[Owasp-leaders] OWASP Mobile Top 10 - potential conflict of interest in M10

Neil Smithline neil.smithline at owasp.org
Tue Nov 4 15:42:10 UTC 2014


I think the difficulty here is that the sort of protection that obfuscation
provides is hard to pin down. Us security guys like to say "Add this
control to block this attack." In that sense, obfuscation is not a security
control as it tends to makes things harder but not block them.

We all know that you can't have security by obscurity so arguing that
obfuscation adds security feel inherently wrong.

I like to use the word "safety" to describe the benefits of obfuscation. It
makes some attacks harder and greatly reduces the risk of accidental data
disclosure that can happen when, for example, a curious but benign user
eyeballs page source.

Using my vernacular, we can definitively say that obfuscation is not a
security control, only a safety control.

The question now becomes: do we include a control that provides lots of
safety but not security in the T10? We have to remember that a T10 may be
the only security guide a developer will look at.

My thought is that obfuscation is too critical to mobile apps' security
(and possibly their IP protection and performance) to be ignored
altogether. That said, obfuscation ain't security. So including it but
adding some notes about how it is not really security but too important to
be omitted is the best compromise.


Neil Smithline
408-634-5764
http://www.neilsmithline.com

On Tue, Nov 4, 2014 at 10:19 AM, Jack Mannino <jack.mannino at owasp.org>
wrote:

> So I think the original intention for what that category was supposed to
> represent and what it "became" are two different things.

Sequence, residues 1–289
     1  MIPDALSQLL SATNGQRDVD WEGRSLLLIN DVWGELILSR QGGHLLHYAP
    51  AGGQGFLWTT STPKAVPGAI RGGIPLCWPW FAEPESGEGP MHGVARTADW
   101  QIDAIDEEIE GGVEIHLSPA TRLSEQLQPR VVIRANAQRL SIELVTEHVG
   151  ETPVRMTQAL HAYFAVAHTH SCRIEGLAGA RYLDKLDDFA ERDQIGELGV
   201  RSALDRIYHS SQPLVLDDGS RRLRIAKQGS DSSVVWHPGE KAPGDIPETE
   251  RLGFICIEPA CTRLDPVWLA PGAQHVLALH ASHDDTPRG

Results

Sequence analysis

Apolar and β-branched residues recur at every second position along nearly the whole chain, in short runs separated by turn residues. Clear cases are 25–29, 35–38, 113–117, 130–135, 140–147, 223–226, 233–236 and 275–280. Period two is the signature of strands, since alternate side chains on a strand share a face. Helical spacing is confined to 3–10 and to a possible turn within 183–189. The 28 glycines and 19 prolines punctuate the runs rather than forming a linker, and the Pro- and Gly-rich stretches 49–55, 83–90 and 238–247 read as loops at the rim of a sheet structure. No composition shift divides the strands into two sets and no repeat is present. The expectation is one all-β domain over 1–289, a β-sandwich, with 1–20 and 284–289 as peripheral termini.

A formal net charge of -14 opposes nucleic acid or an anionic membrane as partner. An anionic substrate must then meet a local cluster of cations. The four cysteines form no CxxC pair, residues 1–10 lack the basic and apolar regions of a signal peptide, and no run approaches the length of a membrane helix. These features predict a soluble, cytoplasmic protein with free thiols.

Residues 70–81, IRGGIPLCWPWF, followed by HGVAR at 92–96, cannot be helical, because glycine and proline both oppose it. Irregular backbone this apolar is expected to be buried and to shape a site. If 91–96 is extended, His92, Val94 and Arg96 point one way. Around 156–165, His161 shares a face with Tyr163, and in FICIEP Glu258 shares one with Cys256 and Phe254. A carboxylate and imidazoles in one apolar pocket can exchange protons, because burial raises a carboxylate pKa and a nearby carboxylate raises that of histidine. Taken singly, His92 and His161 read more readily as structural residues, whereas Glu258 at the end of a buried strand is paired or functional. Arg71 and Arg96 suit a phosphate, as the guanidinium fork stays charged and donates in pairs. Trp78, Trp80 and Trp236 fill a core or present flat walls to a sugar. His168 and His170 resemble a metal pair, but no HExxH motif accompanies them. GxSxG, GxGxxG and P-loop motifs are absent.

>
> https://www.owasp.org/index.php?title=Mobile_Top_10_2014-M10&action=history
>
> I think we can all agree that the last iteration wasn't up to snuff. At
> the same time, there was very minimal community involvement except for
> either smallish consultancies or large software companies and more
> post-mortem griping than intelligent, constructive debates along the way.
> Pick your poison.
>
> I'm respectfully bowing out of the next iteration, but I'd encourage any
> of you that see flaws to contribute when they put out their next call for
> contributors. I fully respect Jason Haddix' integrity as he moves the
> project forward.
>
> On Tue, Nov 4, 2014 at 9:46 AM, Gunnar Peterson <gunnar at arctecgroup.net>
> wrote:
>
>> To add onto to Erwin's point I do think there is something to be said for
>> obfuscation. Its totally true that even if its worth considering- its
>> security, but not as we've known it, Jim.
>>
>> However, I think Mobile clients are different from defending servers. The
>> good ol' DMZ model where we do not trust clients does not give us much to
>> work with on mobile clients. My take is that we need a new playbook for
>> mobile clients and that requires a different mindset from the DMZ. I
>> propose Moscow Rules, from the old Cold war rules to operate behind enemy
>> lines(1). The DMZ assumed a level of separation that is not possible on the